To tell you the truth, when I think of it today, I don’t know how I made it. You wasn’t treated as good and they treat dogs now. But I don’t like to talk about it, because it makes people feel bad.

Hermond Norwood: Do you remember much about the Civil War?

Fountain Hughes: I remember when the Yankees come along and took all the good horses and took throwed all the meat and flour and sugar and stuff out in the river and let it go down the river. And they knowed the people wouldn’t have nothing to live on, but they done that. And that’s the reason that I don’t like to talk about it.

Colored people is free, and they ought to be awful thankful. And some of them is sorry they are free now. Some of them now would rather be slaves.

Hermond Norwood: Which would you like to be, Uncle Fountain?

Fountain Hughes: Me? You know if I thought, had any idea, that I’d ever be a slave again, I’d take a gun and just end it all right away. Because you’re nothing but a dog.

Cumberland Landing, Va. Group of escaped slaves
Cumberland Landing, Va. Group of “contrabands,” an expression coined by General Benjamin F. Butler to describe escaped slaves
Aunt Phoebe Boyd, Dunnsville, Virginia, 1935 (0:38)

Aunt Phoebe Boyd: that day is coming. That day is coming. That day is coming and we got to prepare that day.

They gave us, commandments, Lord. I want to hear the first trumpet when it blows that morning. He, gave us commandments, Lord. They gave us Christ, went down Jerusalem. Mount Dry Bone.

Wallace Quarterman, former slaveWallace Quarterman, former slave
Wallace Quarterman (photos: Alan Lomax for the Library of Congress)

The interviewees were mostly near 100 years old. The interviews were recorded mostly in the 1930s and 40s. But even when the audio quality isn’t good, the quality of these American citizens’ character comes thru, especially as they broke into prayers and songs.

The interviewers included the Lomax family, John and Runby, and their son Alan, all pioneering field-recordists who documented much of early Americana music. Writer Zora Neale Hurston was also an Another interviewer. While collecting Gullah songs on the Sea Islands of Georgia in 1935, she recorded one of the singers, former slave Wallace Quarterman.

Wallace Quarterman, Fort Frederica, St. Simons Island, Georgia (Gullah), June 1935 (0:40)

Zora Neale Hurston: After they said you can go free, then what did you do? Did you leave the plantation that day after they told you to go free?

Wallace Quarterman: After the sword was down, so was the tension, in the South tension. And then they play. and he said to them the Yankee [beat to the landing the drum (?)]. Way Down South getting mighty poor. Say they, used to drink coffee but now they drinking rye. They said let the Union Band make the rebel understand. To leave our land for the sake of Uncle Sam.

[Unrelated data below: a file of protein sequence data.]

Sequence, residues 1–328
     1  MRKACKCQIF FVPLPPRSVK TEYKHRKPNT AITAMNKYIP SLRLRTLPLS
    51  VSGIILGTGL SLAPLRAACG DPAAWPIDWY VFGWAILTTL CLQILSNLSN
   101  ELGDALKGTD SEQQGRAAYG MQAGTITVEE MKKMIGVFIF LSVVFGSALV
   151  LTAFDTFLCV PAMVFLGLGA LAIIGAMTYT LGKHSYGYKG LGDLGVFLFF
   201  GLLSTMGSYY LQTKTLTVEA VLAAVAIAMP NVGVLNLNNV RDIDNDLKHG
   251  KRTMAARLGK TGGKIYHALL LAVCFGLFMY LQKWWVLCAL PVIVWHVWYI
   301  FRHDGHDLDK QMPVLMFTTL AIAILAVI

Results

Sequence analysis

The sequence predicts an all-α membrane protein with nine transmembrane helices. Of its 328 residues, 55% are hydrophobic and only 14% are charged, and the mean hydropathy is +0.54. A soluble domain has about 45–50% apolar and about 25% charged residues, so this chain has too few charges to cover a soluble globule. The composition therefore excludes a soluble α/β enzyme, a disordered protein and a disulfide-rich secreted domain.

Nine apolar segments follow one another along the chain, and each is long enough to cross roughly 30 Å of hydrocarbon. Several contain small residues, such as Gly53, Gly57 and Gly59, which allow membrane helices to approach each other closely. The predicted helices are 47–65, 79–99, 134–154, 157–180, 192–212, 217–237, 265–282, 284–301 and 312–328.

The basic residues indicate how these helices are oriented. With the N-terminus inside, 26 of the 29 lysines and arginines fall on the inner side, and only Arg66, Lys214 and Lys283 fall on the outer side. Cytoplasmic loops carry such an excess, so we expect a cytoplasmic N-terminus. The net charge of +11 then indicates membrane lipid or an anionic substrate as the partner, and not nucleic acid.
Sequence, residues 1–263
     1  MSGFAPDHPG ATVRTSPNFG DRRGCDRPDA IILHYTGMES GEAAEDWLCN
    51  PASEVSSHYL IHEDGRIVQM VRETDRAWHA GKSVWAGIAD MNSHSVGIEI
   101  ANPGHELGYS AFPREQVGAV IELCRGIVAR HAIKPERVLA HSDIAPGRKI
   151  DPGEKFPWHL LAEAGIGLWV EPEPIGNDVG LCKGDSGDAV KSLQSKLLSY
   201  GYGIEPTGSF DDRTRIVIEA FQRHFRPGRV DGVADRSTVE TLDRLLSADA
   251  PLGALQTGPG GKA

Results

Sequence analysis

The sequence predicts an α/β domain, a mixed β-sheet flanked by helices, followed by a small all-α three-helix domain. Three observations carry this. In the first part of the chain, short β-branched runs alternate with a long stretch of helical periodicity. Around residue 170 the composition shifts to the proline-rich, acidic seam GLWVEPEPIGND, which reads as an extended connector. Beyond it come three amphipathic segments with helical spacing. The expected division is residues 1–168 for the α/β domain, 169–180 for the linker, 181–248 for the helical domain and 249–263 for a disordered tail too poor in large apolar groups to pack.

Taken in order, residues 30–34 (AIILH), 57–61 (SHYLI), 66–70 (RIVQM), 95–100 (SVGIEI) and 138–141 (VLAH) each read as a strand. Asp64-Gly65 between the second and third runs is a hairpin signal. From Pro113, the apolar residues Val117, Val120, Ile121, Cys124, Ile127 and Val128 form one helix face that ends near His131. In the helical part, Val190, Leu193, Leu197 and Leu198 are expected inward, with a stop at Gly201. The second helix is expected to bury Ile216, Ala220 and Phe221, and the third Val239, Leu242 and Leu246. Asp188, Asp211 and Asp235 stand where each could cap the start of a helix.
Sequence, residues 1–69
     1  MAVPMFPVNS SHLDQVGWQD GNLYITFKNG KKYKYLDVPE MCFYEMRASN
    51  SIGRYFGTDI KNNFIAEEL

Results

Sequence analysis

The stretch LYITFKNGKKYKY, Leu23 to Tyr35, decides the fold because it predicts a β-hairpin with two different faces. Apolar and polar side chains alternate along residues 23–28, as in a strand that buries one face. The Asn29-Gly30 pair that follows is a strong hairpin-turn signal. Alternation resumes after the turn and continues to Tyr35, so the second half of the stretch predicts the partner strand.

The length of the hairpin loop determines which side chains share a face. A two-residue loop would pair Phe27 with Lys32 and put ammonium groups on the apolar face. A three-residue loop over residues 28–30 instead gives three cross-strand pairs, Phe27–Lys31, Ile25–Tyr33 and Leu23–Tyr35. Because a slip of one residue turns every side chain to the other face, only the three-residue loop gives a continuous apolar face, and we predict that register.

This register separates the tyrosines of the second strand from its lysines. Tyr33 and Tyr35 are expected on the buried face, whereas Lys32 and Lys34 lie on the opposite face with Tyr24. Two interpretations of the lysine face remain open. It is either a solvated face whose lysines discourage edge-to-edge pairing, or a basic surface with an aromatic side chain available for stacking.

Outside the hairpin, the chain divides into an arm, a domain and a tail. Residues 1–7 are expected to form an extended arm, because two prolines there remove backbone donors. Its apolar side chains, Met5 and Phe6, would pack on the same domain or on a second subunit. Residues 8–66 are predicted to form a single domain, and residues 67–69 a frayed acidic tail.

I ain’t going anywhere. I’ve been to war already.

Whipped back of a slave, photo taken in Louisiana, 1863
A whipped slave, photo taken at Baton Rouge, Louisiana, 1863. Original caption: “Overseer Artayou Carrier whipped me. I was two months in bed sore from the whipping. My master come after I was whipped; he discharged the overseer. The very words of poor Peter, taken as he sat for his picture.”

Many of these recordings were made as part depression-era jobs programs, like the Federal Writers’ Project and Works Progress Administration. Even though the country was broke, we somehow managed to send people across the county, field-recording what Amercians were saying, singing, and doing. I wonder: Now that we can afford it, we have no national program field-recording program. What vital parts of present history are we losing?

Aunt Harriet Smith, Hempstead, Texas, 1941 (1:12)

John Henry Faulk: Can you remember slavery days very well?

Harriet Smith: Of course. I can remember all our white folks. And all the names of them, all the children.

John Henry Faulk: Who, who did you belong to?

Harriet Smith: J. B., the baby boy.

John Henry Faulk: How many slaves did he have?

Harriet Smith: Well, he had my grandma, and my ma was the cook,My ma was the cook, and grandma, you know, and them they worked in the field, and everything. I remember when she used to plow oxen. I plowed oxen myself. I can plow and lay off a corn row as good as any man. Chop, and chop, pick cotton, pick my five hundred pounds of cotton. Then walk across the field and, and hunt watermelons, pomegranates [laughs].

John Henry Faulk: Well, well, while you all were slaves did they teach you to read and write?

Harriet Smith: Nuh huh.

John Henry Faulk: Did you all go to school any?

Harriet Smith: Nuh huh. They didn’t know nothing about reading and writing. All that I knowed they teach you is mind your master and your mistress.

John Henry Faulk: They sure didn’t teach you any reading and writing?

Harriet Smith: No, they didn’t. No. I remember then picking cotton. Yeah, I remember all about those slivery times.

Map Showing the Distribution of the Slave Population of the Southern States of the United States Compiled from the Census of 1860
A map issued by the US Coast Guard showing the percentage of slaves in the population in each county in the slave-holding states of the United States in 1860, “sold for the benefit of the Sick and Wounded Soldiers of the U. S. Army”.